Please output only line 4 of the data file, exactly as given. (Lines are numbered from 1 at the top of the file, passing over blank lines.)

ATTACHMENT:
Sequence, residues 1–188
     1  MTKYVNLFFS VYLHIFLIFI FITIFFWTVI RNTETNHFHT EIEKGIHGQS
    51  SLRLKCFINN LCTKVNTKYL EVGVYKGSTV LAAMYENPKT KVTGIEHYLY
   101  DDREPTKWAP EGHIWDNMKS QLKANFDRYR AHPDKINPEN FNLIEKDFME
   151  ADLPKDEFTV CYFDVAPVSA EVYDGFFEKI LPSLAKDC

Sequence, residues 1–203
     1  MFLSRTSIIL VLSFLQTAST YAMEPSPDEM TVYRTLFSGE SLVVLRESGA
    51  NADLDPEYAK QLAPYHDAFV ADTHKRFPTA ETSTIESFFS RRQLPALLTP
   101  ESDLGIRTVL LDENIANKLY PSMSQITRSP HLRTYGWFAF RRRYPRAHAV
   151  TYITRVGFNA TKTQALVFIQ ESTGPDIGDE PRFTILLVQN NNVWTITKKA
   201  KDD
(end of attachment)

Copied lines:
   101  DDREPTKWAP EGHIWDNMKS QLKANFDRYR AHPDKINPEN FNLIEKDFME